His uncompromising attitude offended Roosevelt, and for many years the president was cool toward the Governor. As might be expected, the politicians of the State also veered away from the Governor; never the less, Hughes went his way, concentrating his mind upon his executive duties, and leaving party politics to others. While he lost ground among politicians he swept in vast stretches of public appreciation. Some of his friends, early in 1908, wished to bring him into the presidential race. Governor Hughes did not initiate, or encourage, or in any way further the movement. He merely made known to the Hughes League what his own thoughts on government were; and his words, which are quoted below, clearly indicate that while Governor his endeavors were all for the State. He said: "I do not seek office, nor shall I attempt to influence the selection or vote of any delegate. The State administration must continue to be impartial and must not be tributary to any candidacy. I have no interest in any factional controversy. . . ."
Roosevelt and Taft were very shrewdly and indirectly campaigning to smother the Hughes movement at the outset; or to be more correct, they were striving to keep it within its home State. The President made it known to New York leaders that he bore the movement no ill will. Hughes would thus come merely into the class of "favorite sons." When the State convention met in April, the State delegation chosen was instructed for Hughes, well knowing the implication. Thus hampered they went to the National convention in June, the majority of the candidates wishing that they had not been so definitely tied. Many were ardently behind Hughes, but some were not. They would be glad to further the chances of Hughes for the Vice-Presidency, but the Roosevelt-Taft organization seemed too strong a compact for them to entertain any hope of winning first place for their Governor. The situation seemed so hopeless that the New York chairman, Parsons, soon after arrival at Chicago appealed to Hughes to release them. His answer hardly indicates indifference, but certainly was consistent. He replied that "they were not under pledge to him, but that whatever instructions they had came from the Republicans voters."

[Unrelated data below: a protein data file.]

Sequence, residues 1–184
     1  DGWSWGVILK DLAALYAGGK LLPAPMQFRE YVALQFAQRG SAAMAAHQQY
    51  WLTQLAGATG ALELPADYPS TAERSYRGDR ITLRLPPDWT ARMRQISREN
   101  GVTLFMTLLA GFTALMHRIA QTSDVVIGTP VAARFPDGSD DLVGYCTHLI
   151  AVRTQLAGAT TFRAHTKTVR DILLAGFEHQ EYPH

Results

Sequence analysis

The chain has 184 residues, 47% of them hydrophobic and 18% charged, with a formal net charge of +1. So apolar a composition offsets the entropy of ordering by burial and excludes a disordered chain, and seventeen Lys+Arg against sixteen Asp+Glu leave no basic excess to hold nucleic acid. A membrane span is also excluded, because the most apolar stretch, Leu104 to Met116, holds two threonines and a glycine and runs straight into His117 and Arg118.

In the convention the New York delegation remained true to their trust, but there was no life in the Hughes movement. Everything seemed to go according to the national plan; everything was "cut and dried," and when the first ballot was tabulated, it was seen that the nomination had gone to Taft, who received 702 votes. Hughes was third, with 67, one vote less then Knox received. The New York delegation, somewhat crestfallen, felt that they would lose the Vice-Presidential nomination also. Even this, it seemed, was "cut and dried," Roosevelt and Taft lending their aid to New York--but not in the interest of Hughes. James S. Sherman was the name presented by Woodruff of the New York delegation, and James S. Sherman, an ex-mayor of Utica, a Congressman since 1886, was the New Yorker nominated for Vice-President. He received 816 votes of the 980 votes cast on the first ballot.
The Democratic convention was likewise unexciting. As Alton B. Parker four years earlier had demonstrated that conservative Democrats were not able to carry the country, Bryan for the third time dominated the National convention. He was nominated almost unanimously on the first ballot, and Kern, of Indiana, was chosen for the minor office by acclamation.